Thursday, October 18, 2007

Parents these days

We all hear, at one time or another, the exasperated mention of "kids, these days!" I am just as exasperated with the "parents, these days!"

So I am at the orthodontist yesterday (yes, at 37 years old, I have to go to the orthodontist now and then), and the room in which the orthodontist works is one large open space with about 15 patient stations. This configuration, as opposed to individual private rooms, allows the orthodontist visibility to all his patients at once and allows the orthodontist's hygienists/assistants to call upon him if quickly needed. As a result, as a patient, you are about 4 feet apart from your fellow patient.

So, there was a young man -- probably 15 years old -- in the chair next to mine. I saw/heard him take a phone call on his mobile phone. His mother was sitting a few feet away on what I call the parent bench (so parents can be in the room with their child, who might be scared/uncomfortable with the ortho work). She walked over to him after her son was done with his call and asked what was going on, saying that she had heard the phone call. The boy started rubbing his eyes with his hands (obviously as a way to not look his mother in the eyes) and said, "It doesn't involve you."

WHAT!!!??? What did I hear come out of that child's mouth? Surely his mother will take him to task for his disrespect, not to mention he has the audacity to respond to his mother like that in public!

Right?

Hello?

Her response?

"It involves my house."

Oh, great. Nice comeback lady. Has parenting come to this? A child can be a jerk to his mother and her rights as a parent, homeowner, and, oh, I don't know, provider of everything in this child's life (as well as the decision to give him life itself) are limited to "It involves my house."??!!!!!! What the? Get some backbone lady. Here's how:

  1. Remove mobile phone from child's possession. Immediately. Like, right now. Yes, in the orthodontist's office, in front of everyone. Embarrassing your child (or yourself) is not a felony, or even a misdemeanor. If he wants to make a scene, let him go ahead and try. He'll just make a fool of himself if you keep your calm.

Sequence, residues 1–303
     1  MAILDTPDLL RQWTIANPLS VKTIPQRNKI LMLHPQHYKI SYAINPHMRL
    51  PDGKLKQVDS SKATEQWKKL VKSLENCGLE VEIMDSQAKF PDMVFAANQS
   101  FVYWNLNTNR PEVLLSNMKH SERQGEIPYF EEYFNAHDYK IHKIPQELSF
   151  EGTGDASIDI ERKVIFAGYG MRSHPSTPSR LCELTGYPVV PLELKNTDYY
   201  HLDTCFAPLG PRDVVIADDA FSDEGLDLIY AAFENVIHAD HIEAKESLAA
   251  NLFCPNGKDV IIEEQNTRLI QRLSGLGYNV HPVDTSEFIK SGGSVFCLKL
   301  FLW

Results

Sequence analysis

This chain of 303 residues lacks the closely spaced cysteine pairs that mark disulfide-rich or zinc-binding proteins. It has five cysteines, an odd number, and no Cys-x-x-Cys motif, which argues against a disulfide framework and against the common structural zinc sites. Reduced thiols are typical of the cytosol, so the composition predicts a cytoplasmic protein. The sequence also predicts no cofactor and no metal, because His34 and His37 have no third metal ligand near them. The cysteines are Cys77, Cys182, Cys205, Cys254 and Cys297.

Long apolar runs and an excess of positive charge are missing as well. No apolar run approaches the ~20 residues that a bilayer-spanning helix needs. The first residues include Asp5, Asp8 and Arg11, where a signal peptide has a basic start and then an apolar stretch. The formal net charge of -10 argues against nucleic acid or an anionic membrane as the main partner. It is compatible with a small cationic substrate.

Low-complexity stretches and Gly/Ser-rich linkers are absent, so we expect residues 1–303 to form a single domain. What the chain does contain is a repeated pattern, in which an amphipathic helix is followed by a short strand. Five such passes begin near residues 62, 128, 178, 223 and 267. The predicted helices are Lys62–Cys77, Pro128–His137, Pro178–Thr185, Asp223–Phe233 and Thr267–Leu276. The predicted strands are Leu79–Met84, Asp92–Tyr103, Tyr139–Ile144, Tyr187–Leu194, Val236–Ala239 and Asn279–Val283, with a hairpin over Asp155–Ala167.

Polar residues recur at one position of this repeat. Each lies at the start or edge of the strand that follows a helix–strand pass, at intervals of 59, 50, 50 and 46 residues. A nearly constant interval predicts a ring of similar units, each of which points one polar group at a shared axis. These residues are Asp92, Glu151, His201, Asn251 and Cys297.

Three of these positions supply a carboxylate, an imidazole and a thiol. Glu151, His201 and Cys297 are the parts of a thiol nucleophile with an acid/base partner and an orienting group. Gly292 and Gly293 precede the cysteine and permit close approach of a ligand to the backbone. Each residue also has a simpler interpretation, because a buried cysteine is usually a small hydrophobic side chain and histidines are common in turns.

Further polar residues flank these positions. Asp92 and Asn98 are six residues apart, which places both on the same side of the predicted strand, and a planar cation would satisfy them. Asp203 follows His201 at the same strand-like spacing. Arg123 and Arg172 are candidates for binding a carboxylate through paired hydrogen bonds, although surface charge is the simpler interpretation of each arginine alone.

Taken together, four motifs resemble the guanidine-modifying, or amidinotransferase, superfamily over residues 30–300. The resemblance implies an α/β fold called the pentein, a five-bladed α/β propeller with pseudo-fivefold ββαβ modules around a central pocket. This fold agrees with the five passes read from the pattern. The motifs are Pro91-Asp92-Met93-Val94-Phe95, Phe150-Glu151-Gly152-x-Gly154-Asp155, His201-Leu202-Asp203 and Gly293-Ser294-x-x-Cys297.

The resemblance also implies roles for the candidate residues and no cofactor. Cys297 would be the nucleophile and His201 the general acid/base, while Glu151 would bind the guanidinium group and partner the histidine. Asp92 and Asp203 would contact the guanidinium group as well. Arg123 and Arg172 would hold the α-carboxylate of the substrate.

2. If you feel you must provide your child with some communication device, replace said mobile phone with one of these spiffy three-button phones (one button for 911, one button for Mom, and one button for Dad. Up to 20 more numbers can be programmed into the phone by the parent, but in this case, those three are enough. Plus it doesn't hurt that your 15 year old kid will look like an extreme dork to all his cool friends because he can't be trusted to behave responsibly with a regular mobile phone.)
  3. Take away all other privileges (television, video games, radio, after-school activities) until further notice.
  4. As child becomes more respectful, add a privilege back.
  5. Repeat until your kid stops being a jerk.
I'm sure all the touchy-feely types out there are appalled at this style of parenting. Is there a time and place for a soft touch when it comes to parenting? Absolutely! This is not one of them.

Many parents have become so worried that their kids will not like them that the parents will lose their own self respect in order to please the kids. The job of a parent is not to be the child's best friend; the job of a parent is to raise children who have character, respectfulness, and manners.

The bottom line of any decision a parent needs to make when it comes to disciplining any child who is old enough to reason is for the parent to ask him/herself, "would you put up with this from anyone else?" If the answer is no, then you know that discipline is in order. There is no need to subjugate yourself to your child(ren) in exchange for harmony at home.

Love is something more stern and splendid than mere kindness.
- C. S. Lewis

1 comment:

Ted M. said...

Beth -- I found your blog through StlBiking.com, but I most enjoyed this post. As parents to 2 girls ages 8 and 11, my wife and I lament the number of parents who have seemingly abdicated their parental responsibilities in teaching their children respect and manners, esp. in public. We frequently see kids who are 'old enough to know better' that obviously don't. Restaurant manners is a big one - kids eating with their mouths open, eating fork food with their hands, arguing with each other - while the parents eat their meals in oblivion. Teaching needs to start early and be reinforced throughout childhood - that parent in the ortho office lost the battle long ago. People often comment on how well-mannered our kids are, like it's some unusual feat. It's not rocket science!